Both with respect to our aiming at earth's treasures, and partaking of the pleasures which it offers, we have an excellent example in the spirit of Moses. His choice was a wise one. Before him the prospect was as attractive as could well be imagined. Within his grasp was the best that Egypt could offer. Wealth, rank, and all they could purchase, were his own. Yet he refused them. He trampled them beneath his feet.
Under other circumstances, much he might have retained and consecrated to the service of God — but when it came into competition with a better portion, he cheerfully forsook all. "By faith Moses, when he had grown up, refused to be known as the son of Pharaoh's daughter. He chose to be mistreated along with the people of God rather than to enjoy the pleasures of sin for a short time. He regarded disgrace for the sake of Christ as of greater value than the treasures of Egypt, because he was looking ahead to his reward. By faith he left Egypt, not fearing the king's anger; he persevered because he saw him who is invisible." Hebrews 11:24-27
3. If we would overcome the world, we must not be wholly engrossed by the daily routine of duty.
That we ought most diligently to attend to the claims of a lawful calling, none can doubt; but it is the spirit in which we do so, that marks whether the world is our servant or our master.
The laborer with his hand on the plough may cherish within, bright thoughts of the Paradise above. The merchant, through the day mingling in the busy throng, may yet find a vacant place within for the hallowed presence of Christ. The mother, with the cares and worries that belong to a family, may turn in her heart again and again to the Great Burden-bearer, and be lightened of her heavy load.
Take two men engaged in the same pursuit, fairly matched in the work to be done, and the concerns belonging to it, and not seldom will you find the greatest possible difference between them. Look within: read the heart of each, and what it says.
The inner thought of one is, "Business, money labor, duty — you are my God! For you I live, I toil, I strive day by day."
The heart of the other speaks far otherwise, "Oh, my Savior, keep me near You by Your grace! In life's conflict be ever at my right hand! In all my labors may I glorify You! If riches increase, teach me rightly to use them! May I so pass through things temporal, that finally I lose not the things eternal!"
4. To overcome the world, we must patiently and meekly bear the cross that may be laid upon us.
No Christian is without a cross — and it is often a heavy one.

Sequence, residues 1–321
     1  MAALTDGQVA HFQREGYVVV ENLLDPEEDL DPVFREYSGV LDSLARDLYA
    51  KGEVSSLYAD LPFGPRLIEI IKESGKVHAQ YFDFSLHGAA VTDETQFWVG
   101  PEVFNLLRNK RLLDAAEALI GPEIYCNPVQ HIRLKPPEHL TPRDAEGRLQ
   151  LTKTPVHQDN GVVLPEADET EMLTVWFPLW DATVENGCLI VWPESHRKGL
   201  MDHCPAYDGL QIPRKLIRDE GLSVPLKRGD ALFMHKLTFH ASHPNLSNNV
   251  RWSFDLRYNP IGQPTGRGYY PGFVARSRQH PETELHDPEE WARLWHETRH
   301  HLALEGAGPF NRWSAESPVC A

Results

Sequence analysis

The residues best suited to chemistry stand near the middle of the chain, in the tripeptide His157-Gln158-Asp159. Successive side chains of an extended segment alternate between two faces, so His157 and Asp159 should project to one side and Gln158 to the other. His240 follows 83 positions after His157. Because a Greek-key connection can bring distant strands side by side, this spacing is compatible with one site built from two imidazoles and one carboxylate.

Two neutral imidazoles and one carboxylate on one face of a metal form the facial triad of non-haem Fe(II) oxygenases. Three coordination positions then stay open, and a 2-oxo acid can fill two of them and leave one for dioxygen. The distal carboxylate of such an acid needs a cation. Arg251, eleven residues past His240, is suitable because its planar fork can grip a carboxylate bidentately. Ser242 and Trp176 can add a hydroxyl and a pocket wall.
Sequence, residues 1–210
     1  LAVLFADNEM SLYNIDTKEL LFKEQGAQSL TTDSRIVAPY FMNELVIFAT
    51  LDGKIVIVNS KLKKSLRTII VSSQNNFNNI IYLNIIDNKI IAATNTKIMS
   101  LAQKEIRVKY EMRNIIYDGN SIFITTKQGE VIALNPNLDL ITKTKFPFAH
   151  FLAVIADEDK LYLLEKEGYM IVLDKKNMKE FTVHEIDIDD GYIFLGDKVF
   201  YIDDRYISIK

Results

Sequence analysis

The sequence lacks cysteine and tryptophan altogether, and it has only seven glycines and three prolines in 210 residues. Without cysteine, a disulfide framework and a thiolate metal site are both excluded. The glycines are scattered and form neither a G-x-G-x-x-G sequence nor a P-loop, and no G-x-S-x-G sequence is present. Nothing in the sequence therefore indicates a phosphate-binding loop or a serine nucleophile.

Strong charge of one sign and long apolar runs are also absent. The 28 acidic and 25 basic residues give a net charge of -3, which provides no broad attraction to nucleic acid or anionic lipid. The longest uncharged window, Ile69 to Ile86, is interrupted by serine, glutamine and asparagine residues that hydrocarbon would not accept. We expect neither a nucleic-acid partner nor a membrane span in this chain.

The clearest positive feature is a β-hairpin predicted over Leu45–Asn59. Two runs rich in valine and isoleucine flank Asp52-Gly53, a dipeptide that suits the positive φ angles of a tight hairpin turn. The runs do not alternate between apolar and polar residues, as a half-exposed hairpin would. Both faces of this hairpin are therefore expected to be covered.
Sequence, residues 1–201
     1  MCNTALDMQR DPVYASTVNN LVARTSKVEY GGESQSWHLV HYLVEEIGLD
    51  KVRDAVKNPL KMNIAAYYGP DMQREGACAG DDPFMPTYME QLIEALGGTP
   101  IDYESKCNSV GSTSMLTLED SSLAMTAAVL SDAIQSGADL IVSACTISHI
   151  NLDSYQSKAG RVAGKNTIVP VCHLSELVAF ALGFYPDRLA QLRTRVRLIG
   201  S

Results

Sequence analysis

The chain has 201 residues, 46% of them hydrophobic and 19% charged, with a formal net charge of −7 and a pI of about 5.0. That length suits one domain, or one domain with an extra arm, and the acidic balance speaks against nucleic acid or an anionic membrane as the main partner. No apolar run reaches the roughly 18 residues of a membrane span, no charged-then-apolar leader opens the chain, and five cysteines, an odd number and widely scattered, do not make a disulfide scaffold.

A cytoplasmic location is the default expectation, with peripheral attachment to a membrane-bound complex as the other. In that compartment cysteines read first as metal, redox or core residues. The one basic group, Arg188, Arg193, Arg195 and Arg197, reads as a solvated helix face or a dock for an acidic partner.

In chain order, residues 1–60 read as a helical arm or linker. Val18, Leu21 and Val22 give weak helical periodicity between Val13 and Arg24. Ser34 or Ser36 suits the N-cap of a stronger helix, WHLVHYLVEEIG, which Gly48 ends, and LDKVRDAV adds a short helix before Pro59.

In days gone by, His followers have found it no easy matter to endure the shame and persecution that have come upon them for His sake. Driven into exile or burned at the stake, exposed to wild beasts or cast into the sea — have His faithful martyrs suffered the loss of all things, even life itself, rather than deny Him they loved. Nor is this trial passed. "All who will live godly in Christ Jesus, shall suffer persecution." Especially at the outset of a Christian life, is this cross felt. Old associates turn away, unkind remarks are made, petty annoyances are placed in the path. In many positions it is a life-long struggle to make a good confession before the ungodly.
It may be the cross of . . .
a lengthened affliction,
the painful weariness of a sick chamber,
or the desolation of a bereaved heart.
In a village not far from Cambridge a Christian woman lay under the chastening rod of God. A strange complication of disease daily wore out her strength. A fever had first laid her low, a spinal disease followed; she then lost her sight, and her heart became affected; to this was added cancer in the throat; and yet beneath it all she murmured not. In her lowly cottage with barely the necessities of life, for more than twenty long years Sarah Carter cheerfully bore her cross. The new song of praise to the Lamb was ever upon her lips — never was she weary of extolling, in the hearing of saints and of sinners, the Name of her adorable Redeemer.
This was to overcome the world.
5. To overcome the world, we must not be guided by the maxims which the world follows.
Profession of religion abounds — few but wish, in some sense, to be reckoned good Christians. Yet what is the rule of life by which men are guided? With the utmost stretch of charity, can we believe that they are led by the precepts of Christ? Is it not painfully evident, that the principles which actuate them are not those of Holy Scripture? Are not such maxims as the following, the mainspring of daily conduct, even in a large proportion of those who are found each Sunday within the walls of a Christian sanctuary?